Mary Valley Rattler derailments remain a mystery

In Australian Domestic Tourism, Editorial, Government, Harmonisation, Queensland, Tourism Routes, Transport

by Jake Combe

Queensland’s Gympie Cooloola tourism region, encompassing Rainbow Beach as a gateway to Fraser Island, has taken a significant blow to their tourism industry with the indefinite suspension of the historic Mary Valley ‘Rattler’ steam train.

Following the second derailment for 2012 on 29 September, the service was suspended by Queensland’s Department of Transport and Main Roads, Queensland’s rail safety regulator.

The first incident occurred on 28th June 2012. The steam engine slipped from ‘spreading’ tracks in the Gympie Railyards. At the time, Jim Walker, General Manager of the Mary Valley Heritage Railway, described the incident as “mild” to the Gympie Times.

The second incident occurred on 29th September 2012. The tourist train slipped from the track but went unnoticed by many of its passengers until the train pulled to an unexpected stop.

Jim Walker said in early November that the train certainly wouldn’t be functioning again before Christmas. Walker refused to comment further on how the train was carrying tourists whilst in a state of such disrepair. Walker is waiting on QLD Rail’s findings, to be handed down in late November 2012, to make further comment.

Allan Murnane, General Manager of the Gympie Cooloola Tourism Board to mid November 2012, said losing the weekly traffic was a loss to the region “beyond the fare value.”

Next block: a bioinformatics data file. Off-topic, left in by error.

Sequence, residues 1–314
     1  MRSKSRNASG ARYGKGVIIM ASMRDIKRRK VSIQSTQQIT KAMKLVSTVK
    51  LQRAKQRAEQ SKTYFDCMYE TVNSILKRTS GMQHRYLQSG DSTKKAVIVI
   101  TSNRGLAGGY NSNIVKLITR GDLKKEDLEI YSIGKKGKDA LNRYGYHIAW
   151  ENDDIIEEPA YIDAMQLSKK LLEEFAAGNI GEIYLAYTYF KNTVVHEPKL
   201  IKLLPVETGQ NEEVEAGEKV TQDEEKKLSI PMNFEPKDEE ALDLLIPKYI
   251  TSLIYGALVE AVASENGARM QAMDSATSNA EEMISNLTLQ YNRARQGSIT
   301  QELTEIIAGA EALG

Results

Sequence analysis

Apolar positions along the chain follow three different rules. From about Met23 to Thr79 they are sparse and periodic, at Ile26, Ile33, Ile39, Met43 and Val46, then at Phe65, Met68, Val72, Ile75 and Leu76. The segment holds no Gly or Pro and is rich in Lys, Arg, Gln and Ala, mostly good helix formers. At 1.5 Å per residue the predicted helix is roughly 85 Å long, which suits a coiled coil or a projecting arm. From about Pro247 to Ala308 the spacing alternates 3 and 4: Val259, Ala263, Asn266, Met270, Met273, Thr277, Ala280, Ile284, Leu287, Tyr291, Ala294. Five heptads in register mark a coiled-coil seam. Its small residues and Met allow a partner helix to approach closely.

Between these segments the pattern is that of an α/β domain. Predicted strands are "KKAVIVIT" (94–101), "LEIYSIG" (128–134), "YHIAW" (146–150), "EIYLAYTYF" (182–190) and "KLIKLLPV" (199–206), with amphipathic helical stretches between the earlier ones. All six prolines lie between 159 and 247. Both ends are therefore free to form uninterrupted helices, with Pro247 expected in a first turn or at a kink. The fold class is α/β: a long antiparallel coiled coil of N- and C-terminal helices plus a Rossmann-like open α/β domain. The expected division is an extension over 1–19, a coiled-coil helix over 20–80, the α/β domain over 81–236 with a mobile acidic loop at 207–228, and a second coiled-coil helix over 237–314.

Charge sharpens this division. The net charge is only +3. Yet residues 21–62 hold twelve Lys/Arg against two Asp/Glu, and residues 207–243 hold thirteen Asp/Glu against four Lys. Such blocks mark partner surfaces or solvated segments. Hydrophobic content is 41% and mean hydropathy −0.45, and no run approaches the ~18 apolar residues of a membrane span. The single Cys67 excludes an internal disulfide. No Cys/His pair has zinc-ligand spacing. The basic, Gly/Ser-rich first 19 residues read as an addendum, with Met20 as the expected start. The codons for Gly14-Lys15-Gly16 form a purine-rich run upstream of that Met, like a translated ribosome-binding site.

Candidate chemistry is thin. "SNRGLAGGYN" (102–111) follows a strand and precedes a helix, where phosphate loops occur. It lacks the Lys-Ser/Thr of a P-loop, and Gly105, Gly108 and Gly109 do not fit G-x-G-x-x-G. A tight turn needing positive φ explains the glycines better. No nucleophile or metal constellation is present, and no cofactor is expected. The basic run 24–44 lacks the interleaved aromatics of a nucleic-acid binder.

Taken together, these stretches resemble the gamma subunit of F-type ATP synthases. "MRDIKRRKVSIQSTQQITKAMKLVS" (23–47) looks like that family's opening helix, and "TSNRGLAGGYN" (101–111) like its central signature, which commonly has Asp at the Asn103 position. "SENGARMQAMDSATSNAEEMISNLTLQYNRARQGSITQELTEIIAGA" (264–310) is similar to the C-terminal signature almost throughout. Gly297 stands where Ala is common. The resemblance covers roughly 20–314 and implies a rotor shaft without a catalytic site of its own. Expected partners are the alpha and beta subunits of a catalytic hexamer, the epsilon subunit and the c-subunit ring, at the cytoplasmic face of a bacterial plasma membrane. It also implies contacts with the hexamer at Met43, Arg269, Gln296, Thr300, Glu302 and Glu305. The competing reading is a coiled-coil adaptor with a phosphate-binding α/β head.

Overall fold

“The train (Mary Valley ‘Rattler’) ceasing service is a huge blow to our tourism infrastructure,” Munane said on 13th November.

“It’s not just tourists travelling inland from more popular tourist destinations, like Noosa, that provide income for Gympie’s tourism operators. The township also has a substantial number of visitors from the country that travel to the coast, significantly contributing to the economy of Gympie by stopping in town for groceries, snacks or a beer.

“Diversity is a wonderful thing,” Munane said. “Many people love the coast but a lot of people want to travel inland.”

The track was inspected by the safety regulator, who reported that 6,000 sleepers would need to be replaced by July 2013. At $140 to lay a sleeper, it will cost over $750,000 to make the necessary replacements in addition to the yearly costs of ongoing maintenance.

Tony Hallam, president of the Mary Valley Heritage Railway, says it will cost around $1 million to maintain the operation, which operates on Wednesday, Saturday and Sunday from Gympie to Imbil in Queensland’s south-east.

Mary Valley Heritage Railway approached the Queensland government last year to seek financial assistance but the stated only that government funds were “currently not available.”

The Mary Valley Rattler has historic value in the area as a train was once used to transport food and supplies to miners searching for gold on the banks of the Mary River.

As Munane says, “You can’t put a price on that.”

 

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